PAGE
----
Every week, we will be highlighting the top patent, copyright, trademark, intellectual property, etc. stories of the previous week in our “In Case You Missed It” segment. The list itself is in no particular order and includes a wide range of stories from the patent world that are informative, noteworthy, or just plain bizarre. The stories included encompass everything from Supreme Court cases to insights into growing industries. Please feel free to comment your thoughts on the stories or share an important one we missed!
“Here’s What the PlayStation 5’s Controller Might Look Like”
Gamers around the world have been waiting in angst for years for any details regarding Sony’s PlayStation 5 set for release November 2020. PlayStations are among the best selling video game consoles of all-time with the PlayStation 2 atop the list with 155 million units sold. Eager fans have spent the past 6 years since the PlayStation 4’s release speculating what the console and controllers for its successor will look like. There have been many rumors but a new patent filed in Japan by Sony shows what the controller could (possibly) look like.
Those waiting in angst may be disappointed however. It appears the (possible) PlayStation 5 controller is very similar to the current DualShock 4 controller. The analog sticks appear to be smaller and the L2/R2 triggers larger. Other features include the addition of a USB-C port and removal of the light bar. Sony’s CEO said last month that the controller would have greater “rumbling” effects in its haptic feedback and hinted at the possibility of a built-in microphone. This would make sense given we wrote about “Playstation Assist,” Sony’s attempt to offer voice-activated in-game assistance to players, in September. To read more about this story, click here (via The Verge, November 18th, 2019).
“Congress Introduces AM-FM Act to Revise Copyright Law for Terrestrial Radio”
Last week Congress introduced the “Ask Musicians for Music Act (AM-FM).” The effort is an attempt to make terrestrial AM/FM radio stations obtain permission before playing songs as well as pay royalties to music creators. Currently, radio stations do not have to pay royalties when songs are played on their airwaves. The bill would create a market for music and compensate artists based on market demand just like any other good and service.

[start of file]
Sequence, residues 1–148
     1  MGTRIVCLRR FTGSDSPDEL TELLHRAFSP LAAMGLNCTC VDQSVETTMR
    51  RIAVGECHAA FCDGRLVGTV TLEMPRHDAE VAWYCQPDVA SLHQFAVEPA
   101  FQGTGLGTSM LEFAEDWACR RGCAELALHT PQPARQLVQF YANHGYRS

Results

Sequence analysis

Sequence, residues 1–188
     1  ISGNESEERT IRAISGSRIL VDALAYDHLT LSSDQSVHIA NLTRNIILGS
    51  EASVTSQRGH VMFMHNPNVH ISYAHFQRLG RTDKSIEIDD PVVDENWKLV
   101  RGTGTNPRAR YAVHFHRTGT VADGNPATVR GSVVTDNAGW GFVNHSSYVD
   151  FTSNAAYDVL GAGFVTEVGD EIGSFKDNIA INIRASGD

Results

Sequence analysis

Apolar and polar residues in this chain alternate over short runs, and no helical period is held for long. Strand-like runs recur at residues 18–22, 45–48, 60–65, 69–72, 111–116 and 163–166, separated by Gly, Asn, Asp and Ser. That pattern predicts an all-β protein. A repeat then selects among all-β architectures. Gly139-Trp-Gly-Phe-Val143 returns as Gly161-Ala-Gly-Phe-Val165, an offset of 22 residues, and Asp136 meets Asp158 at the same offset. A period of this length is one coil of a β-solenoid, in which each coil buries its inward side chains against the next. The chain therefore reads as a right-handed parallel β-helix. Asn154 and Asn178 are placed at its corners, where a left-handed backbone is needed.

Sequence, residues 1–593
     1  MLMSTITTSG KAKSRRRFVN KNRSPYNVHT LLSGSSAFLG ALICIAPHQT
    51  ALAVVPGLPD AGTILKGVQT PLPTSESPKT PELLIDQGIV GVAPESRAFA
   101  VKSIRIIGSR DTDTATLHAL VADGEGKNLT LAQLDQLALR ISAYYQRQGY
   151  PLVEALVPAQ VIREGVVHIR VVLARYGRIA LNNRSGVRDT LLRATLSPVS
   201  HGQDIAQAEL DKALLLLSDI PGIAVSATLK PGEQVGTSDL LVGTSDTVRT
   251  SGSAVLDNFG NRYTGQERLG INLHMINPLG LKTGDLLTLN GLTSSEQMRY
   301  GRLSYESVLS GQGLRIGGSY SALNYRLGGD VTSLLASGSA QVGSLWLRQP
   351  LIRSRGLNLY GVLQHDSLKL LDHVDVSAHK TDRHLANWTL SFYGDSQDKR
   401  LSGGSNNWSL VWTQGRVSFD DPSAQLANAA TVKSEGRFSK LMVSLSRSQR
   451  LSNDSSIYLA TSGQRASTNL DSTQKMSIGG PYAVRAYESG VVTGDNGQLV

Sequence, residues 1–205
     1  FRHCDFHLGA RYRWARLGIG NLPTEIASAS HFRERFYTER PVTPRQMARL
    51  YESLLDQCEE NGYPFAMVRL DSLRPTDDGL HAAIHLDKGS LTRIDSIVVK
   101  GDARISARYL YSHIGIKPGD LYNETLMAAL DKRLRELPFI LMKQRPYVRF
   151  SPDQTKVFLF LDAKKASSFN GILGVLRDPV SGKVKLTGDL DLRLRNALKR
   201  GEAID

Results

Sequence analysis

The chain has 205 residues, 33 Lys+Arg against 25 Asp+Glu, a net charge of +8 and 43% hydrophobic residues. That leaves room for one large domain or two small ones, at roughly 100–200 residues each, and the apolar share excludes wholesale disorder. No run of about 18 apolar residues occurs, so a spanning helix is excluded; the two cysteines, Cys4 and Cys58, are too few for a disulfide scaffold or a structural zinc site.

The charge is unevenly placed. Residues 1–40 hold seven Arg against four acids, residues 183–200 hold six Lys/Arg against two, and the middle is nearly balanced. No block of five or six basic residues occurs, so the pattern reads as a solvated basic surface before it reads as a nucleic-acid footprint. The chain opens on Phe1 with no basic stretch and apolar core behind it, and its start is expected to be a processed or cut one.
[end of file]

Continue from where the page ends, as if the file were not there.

Unsurprisingly the CEO of the Recording Industry Association of America (RIAA) Mitch Glazier applauded the measure. Glazier stated that it “addresses inequities in law that should be fixed” and that current procedures are “unjust and skews the market.” On the other hand, President and CEO of the National Association of Broadcasters said the bill could “decimate the economics of America’s hometown radio stations that have launched the careers of countless musicians and exposed legacy artists to a new generation of listeners.” It should be interesting how this plays out. The outcome could have huge implications to a terrestrial radio industry that has already been in the crosshairs of streaming services and podcasts. To read more about this story, click here (via Variety, November 21st, 2019).
“Drake’s Attempt to Trademark Canada’s Weed Warning Label Hits a Stop Sign”
Rapper Drake has attempted to trademark the warning label used on cannabis products sold in Canada with the USPTO. The warning label, seen here, contains both a marijuana leaf and the letters “THC” (abbreviation for tetrahydrocannabinol, the psychoactive ingredient in marijuana) on a red octagon, similar to a stop sign. Drake’s company Dream Crew IP filed the mark with intent to use on clothing including shirts, hoodies, hats, and sneakers. On November 21st, the application was rejected.
In the office action from the USPTO, the office identifies numerous reasons for rejection including the fact that “THC” is already trademarked and given the weight of “THC” on the mark, there may be a likelihood of confusion. The office also indicated that given the prominent use of the identical mark in Canada, as mandated under Canadian law, “the symbol will not be perceived as a mark that identifies the source of applicant’s goods.” Additionally, marijuana is still illegal on the federal level in the U.S. and “the use of a mark in commerce must be lawful.” Given Drake has partnered with a cannabis company in the past, he “did not have a bona fide intent to lawfully use the applied-for mark in commerce in connection with the goods,” according to the USPTO. To read more about this story, click here (via MarketWatch, November 23rd, 2019).
“Apple, Intel File Antitrust Case Against SoftBank-Backed Firm Over Patent Practices”
Apple and Intel filed an antitrust suit against Fortress Investment Group last week over allegations the group is using their patents to demand royalties from them. Intel had previously filed a suit against Fortress Investment Group last month but abandoned it to join Apple in their suit. Apple alleges the group has requested an upwards of $5.1 billion stemming from 25 different patent infringement suits filed against them.
Apple wrote in the suit that it has “suffered economic harm in the form of litigation costs and diversion of resources away from innovation to respond to these entities’ serial nuisance suits.” The company has a history of battles with “patent trolls” and this time is no different. To read more about this story, click here (via CNBC, November 20th, 2019).